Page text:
• Waive ATM fees: Find out where you can use your ATM card without having a fee attached to it. Some banks have specific locations that you can use, some specific countries and some charge a fee every time. Remember that your bank may have a fee and the bank that owns the ATM will have a fee. You want to do your best to reduce or completely eliminate the fee your bank charges because the ATM will always have a fee.
  • Wire transfers: In the case of an emergency will your bank transfer money for you? How much will it cost and do you need to be there in person at a branch to make this happen? (Note from editor: This is HUGE. One of our banks required that we were physically inside one of their branches to send a transfer. That was problematic when we were in South America.)
  • Linking accounts and transfers within the bank: Make sure you have linked all your bank accounts within one institution together and you are able to access all of your information online. Do this before you leave!
  • Kids accounts: If you have older children who might need their own account and access to it you want to try to find a bank that can hold all of these accounts. Make sure you can easily transfer money online into the kids accounts as needed.
  • Foreign fees: I mentioned this one above.
  • Overdraft protection: I would get this with your personal bank account. There are no fees associated with having it and it offers you an extra level of protections should your account go empty.
  • Throw away account: It was recommended by a friend that we have one account that is a stand alone account at an online bank. This card would be used for those situations where the ATM seems a little sketchy. The idea is to only transfer a small amount to this account and then withdraw it.
  • Scan paper checks: I suggest trying to avoid having any payments made to you via paper check, but if you must then be sure to check with your bank to clearly understand how someone at home can take a picture of it, use an app and upload your check for a deposit.


  • Accounts receivable: If you will be receiving payment from clients while you are traveling then you need to consider how you will handle this. There are many options, paypal, direct deposit, scanning paper checks (last option, see above), etc. If you contact your business bank they will be able to describe all the options that are available to you.
  • Accounts payable: Check with your bank before you hit the road, you would be surprised how many options are available for accounts payable. Banks offer the service of sending money via email which the receiver can transfer immediately, they offer the service of sending a check payment for you so you don’t have to actually write and mail the check and if all else fails there is always the old school, wire transfer route.


  • Brick and mortar bank (at your destination location): Some travelers like to open an account at their local location if they plan on staying for a longer period. Also, if you use a large global bank (e.g., Citibank), you can keep your account at home and open a new account at your destination. Doing so will permit you to make a no-fee cash transfer between your home (pre travel) account and your destination (active travel) bank account. Check with your bank in advance as policies often change and jurisdictions where non-fee transfers are permitted can be limited.


  • How many bank accounts do you want? Checking or savings, or both? How many credit cards will make you feel comfortable?
  • Do any of your banks have the ability to do a quick loan, at a good rate, if necessary?
  • Do you want to carry some traveler’s checks just as an extra precaution for a rare situation that none of your accounts are working?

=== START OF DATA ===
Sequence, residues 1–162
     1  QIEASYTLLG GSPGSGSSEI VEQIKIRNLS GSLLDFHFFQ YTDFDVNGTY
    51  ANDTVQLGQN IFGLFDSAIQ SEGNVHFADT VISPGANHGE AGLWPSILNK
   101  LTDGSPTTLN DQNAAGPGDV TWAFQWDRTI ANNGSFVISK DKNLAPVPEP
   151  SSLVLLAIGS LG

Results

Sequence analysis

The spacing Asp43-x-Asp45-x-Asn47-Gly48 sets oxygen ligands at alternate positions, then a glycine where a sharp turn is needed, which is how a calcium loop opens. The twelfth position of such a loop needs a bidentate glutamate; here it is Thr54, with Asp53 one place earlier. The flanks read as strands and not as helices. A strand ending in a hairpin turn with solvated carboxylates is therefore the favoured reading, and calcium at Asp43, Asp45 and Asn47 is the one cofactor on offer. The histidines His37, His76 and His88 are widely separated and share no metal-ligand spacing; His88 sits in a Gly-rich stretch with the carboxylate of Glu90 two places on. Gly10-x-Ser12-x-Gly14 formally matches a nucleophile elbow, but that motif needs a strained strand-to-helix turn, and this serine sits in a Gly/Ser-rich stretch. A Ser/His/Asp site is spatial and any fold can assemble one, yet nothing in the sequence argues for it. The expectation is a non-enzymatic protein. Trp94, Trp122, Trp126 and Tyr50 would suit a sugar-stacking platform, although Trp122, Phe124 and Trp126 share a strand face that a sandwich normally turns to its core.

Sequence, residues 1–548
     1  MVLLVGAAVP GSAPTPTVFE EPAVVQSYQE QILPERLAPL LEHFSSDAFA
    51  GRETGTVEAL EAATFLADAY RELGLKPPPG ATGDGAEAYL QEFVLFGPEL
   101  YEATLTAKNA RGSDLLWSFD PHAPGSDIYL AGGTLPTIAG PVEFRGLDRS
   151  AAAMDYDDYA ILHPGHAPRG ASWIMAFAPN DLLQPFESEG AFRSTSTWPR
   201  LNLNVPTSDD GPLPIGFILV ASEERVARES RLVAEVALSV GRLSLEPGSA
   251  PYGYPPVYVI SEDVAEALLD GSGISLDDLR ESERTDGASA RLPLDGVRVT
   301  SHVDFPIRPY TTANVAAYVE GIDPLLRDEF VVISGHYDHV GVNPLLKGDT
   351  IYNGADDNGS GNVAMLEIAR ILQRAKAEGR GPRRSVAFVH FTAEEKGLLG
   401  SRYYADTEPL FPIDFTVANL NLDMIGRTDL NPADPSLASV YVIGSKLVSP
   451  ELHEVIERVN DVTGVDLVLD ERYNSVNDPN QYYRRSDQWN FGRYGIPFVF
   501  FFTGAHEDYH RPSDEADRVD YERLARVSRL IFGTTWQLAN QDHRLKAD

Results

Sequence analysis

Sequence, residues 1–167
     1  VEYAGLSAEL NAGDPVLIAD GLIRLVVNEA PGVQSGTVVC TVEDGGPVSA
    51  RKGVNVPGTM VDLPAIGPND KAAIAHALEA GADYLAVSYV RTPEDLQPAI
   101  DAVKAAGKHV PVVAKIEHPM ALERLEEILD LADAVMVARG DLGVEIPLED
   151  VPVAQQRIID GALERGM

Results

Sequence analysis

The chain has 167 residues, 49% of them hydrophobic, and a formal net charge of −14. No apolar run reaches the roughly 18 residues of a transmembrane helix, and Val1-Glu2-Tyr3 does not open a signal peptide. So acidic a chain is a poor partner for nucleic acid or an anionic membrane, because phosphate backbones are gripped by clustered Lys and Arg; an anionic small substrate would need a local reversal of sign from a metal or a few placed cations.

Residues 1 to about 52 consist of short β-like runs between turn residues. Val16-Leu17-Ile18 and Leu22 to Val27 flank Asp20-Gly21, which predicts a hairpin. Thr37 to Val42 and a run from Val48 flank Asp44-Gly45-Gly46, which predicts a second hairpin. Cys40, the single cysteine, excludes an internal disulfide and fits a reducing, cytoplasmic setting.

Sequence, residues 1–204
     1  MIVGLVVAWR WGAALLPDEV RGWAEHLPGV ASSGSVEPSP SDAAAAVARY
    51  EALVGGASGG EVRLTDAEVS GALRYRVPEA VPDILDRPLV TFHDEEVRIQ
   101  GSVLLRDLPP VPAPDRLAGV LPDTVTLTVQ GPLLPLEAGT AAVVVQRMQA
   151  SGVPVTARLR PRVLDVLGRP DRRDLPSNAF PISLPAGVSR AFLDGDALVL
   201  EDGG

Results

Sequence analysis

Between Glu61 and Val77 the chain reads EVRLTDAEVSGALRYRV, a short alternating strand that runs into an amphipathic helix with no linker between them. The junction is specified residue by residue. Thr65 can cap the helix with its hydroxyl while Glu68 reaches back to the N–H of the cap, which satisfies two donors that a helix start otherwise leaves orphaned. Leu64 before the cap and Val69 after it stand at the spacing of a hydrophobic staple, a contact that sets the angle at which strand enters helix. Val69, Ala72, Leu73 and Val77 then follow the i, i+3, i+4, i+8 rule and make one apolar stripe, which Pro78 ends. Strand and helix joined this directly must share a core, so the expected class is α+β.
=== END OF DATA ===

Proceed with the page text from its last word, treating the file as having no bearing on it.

• Make sure your cards will not expire while you are traveling.
  • Let you credit card companies know you will be out-of-town. It would be unfortunate to land in a new city and find that your cards have been block because the company thinks it is suspicious activity.

I truly hope this has been helpful for any of you readers thinking about hitting the open road. I have to admit that it was overwhelming when we started, but as we slowly moved through that checklist for finances of long-term travel we did start to feel an intense sense of accomplishment. Now that we have completed the finance part of our travel planning I realized that like anything in life it was time-consuming, but not as hard as I had anticipated.

Follow along with Jessica and her family at Goodie Goodie Gumdrop.

books by Nancy Sathre-Vogel

About Nancy Sathre-Vogel

After 21 years as a classroom teacher, Nancy Sathre-Vogel finally woke up and realized that life was too short to spend it all with other people's kids. She and her husband quit their jobs and, together with their twin sons, climbed aboard bicycles to see the world. They enjoyed four years cycling as a family - three of them riding from Alaska to Argentina and one exploring the USA and Mexico. Now they are back in Idaho, putting down roots, enjoying life at home, and living a different type of adventure. It's a fairly sure bet that you'll find her either writing on her computer or creating fantastical pieces with the beads she's collected all over the world.

Connect with us!

We love to get to know new people. Send us a message!

, , , , ,

2 Responses to Facing the Finances of long-term travel

  1. Angela August 10, 2014 at 3:28 pm #

    Hi Nancy!

    I was wondering specifically about banks/credit cards. You named Citibank, but do you have a list of banks and card companies you may reccomend? Like AMEX? I am not a credit card person, but I do see the benefit to having one with us, and for sure don’t want to pay the yearly fees.

    • Nancy Sathre-Vogel August 13, 2014 at 10:04 am #

      @Angela, The specifics are constantly changing, so it’s worth doing your own research. My understanding right now is that the Capital One and Schwab One debit cards have no ATM fees anywhere in the world. Again, things change, so do your research.

      As for credit cards, I like AMEX for the points, but it’s not very useful for most things outside the USA. We used it for flights, but that’s about it. Everything else was paid for with cash that we withdrew through ATMs.

Leave a Reply